Employee Rights Lawyers

Employee rights lawyers help workers who have experienced harassment, discrimination, wrongful termination, retaliation, accidents and other rights violations in the workplace. You may need a lawyer to help resolve a situation or to file a claim or lawsuit.

What is an Employee Rights Lawyer?

An employee rights lawyer specializes in laws related to employment. They help protect workers’ rights by advocating for employees who have experienced discrimination and other rights violations in the workplace.

Law firms and attorneys who take on employee rights cases provide advice and explain clients’ rights and the laws that apply in the workplace. They can communicate with employers and insurance companies on behalf of workers and help them file lawsuits when necessary.

Do I Need an Employee Rights Lawyer?

Several laws—federal, state, and local—protect your rights in the workplace. If those rights have been violated, you need an employee rights lawyer to advocate for you. If you are uncertain whether your rights have been violated, you need a lawyer to clarify the situation and answer your questions.

Employment laws cover a wide range of rights. They protect your right not to be discriminated against for certain characteristics, like gender or race.[1] Laws ensure equal pay based on gender and ban discrimination of workers over 40. They require that disabled workers be given reasonable accommodations. They also guarantee employees a reasonably safe workplace.

If you feel any of the laws that protect your rights have been broken, you need an experienced lawyer. Here are just a few examples of situations in which you may want to take legal action or at least seek the advice of a lawyer:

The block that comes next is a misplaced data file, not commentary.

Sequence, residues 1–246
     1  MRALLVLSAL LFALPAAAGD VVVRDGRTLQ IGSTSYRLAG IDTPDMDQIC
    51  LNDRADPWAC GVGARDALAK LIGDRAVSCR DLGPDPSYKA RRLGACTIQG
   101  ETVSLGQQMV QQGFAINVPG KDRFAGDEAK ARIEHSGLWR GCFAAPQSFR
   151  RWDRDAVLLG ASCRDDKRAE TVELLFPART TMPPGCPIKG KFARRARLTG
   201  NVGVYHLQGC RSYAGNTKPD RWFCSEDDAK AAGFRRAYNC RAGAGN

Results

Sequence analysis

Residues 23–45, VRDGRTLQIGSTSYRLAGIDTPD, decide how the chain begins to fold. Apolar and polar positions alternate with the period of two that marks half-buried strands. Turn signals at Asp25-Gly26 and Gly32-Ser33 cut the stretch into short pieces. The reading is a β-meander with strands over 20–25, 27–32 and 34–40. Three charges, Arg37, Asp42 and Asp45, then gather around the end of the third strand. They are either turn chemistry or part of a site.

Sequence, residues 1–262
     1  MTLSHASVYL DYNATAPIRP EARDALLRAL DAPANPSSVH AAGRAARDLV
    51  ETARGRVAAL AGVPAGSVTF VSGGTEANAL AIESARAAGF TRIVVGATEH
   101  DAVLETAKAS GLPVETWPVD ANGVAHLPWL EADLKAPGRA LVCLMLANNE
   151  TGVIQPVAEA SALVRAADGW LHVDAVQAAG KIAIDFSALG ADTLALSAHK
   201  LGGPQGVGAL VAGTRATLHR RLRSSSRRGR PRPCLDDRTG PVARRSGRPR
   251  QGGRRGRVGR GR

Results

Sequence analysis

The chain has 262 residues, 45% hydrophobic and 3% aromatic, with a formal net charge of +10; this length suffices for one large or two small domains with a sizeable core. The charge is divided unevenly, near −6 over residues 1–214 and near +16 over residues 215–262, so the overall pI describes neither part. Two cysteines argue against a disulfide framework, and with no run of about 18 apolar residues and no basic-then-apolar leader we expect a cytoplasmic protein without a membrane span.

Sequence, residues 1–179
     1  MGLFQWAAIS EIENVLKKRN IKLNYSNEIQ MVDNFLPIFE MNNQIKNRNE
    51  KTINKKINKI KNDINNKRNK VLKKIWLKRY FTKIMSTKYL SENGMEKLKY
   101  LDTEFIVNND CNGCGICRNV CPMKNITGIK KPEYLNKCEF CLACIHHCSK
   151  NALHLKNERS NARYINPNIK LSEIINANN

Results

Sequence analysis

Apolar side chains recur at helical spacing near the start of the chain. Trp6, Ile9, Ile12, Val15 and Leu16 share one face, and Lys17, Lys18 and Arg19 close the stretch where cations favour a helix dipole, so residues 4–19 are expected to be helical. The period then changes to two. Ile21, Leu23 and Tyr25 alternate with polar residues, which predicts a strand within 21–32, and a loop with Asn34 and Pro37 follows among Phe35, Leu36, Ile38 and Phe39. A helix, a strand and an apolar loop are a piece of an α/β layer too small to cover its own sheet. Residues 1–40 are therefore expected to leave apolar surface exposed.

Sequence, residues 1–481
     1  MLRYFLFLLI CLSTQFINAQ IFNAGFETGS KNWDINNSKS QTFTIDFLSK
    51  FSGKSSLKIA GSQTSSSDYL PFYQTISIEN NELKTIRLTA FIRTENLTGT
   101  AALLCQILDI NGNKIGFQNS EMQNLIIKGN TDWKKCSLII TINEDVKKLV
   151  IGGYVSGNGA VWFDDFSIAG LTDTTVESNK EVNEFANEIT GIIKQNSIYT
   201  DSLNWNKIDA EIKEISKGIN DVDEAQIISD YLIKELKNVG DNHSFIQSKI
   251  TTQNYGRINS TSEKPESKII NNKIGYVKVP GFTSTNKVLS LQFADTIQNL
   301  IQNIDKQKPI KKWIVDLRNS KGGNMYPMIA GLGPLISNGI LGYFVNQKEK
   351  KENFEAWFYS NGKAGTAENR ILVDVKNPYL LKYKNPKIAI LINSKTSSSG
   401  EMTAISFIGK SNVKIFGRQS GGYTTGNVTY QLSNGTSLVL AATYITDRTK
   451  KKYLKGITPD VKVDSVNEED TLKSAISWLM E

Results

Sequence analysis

• You found out your male coworker earns more than you, even though you do the same work.
  • An employer has subjected you to sexual harassment.
  • A coworker assaulted you on the job.
  • You didn’t get a job you were qualified for and suspect it was because of your age.
  • You filed a complaint with the Occupational Safety and Health Administration over unsafe work conditions and got fired.
  • Your boss denied you family leave to take care of your spouse who is seriously ill.

How Will an Employee Rights Lawyer Help Me?

One of the most important things an employee rights lawyer can do for you is to evaluate your case. Most firms offer free evaluations so that you can speak with someone at no risk. If they determine you don’t have a case, you have not wasted legal fees.

An employee rights lawyer can do several things to help you with a valid case of workplace rights violations:

  1. Clarify your options.
    When you meet with an employee rights lawyer, they will use their expertise to determine if you have a case. They can then explain your rights, and the laws broken and give you choices and advice for what to do next.
  2. Communicate with your employer.
    If you have tried to resolve the situation with your employer and failed to get results, a lawyer can help. They can advocate for you and bring legal experience to bear on the issue.
  3. File a claim.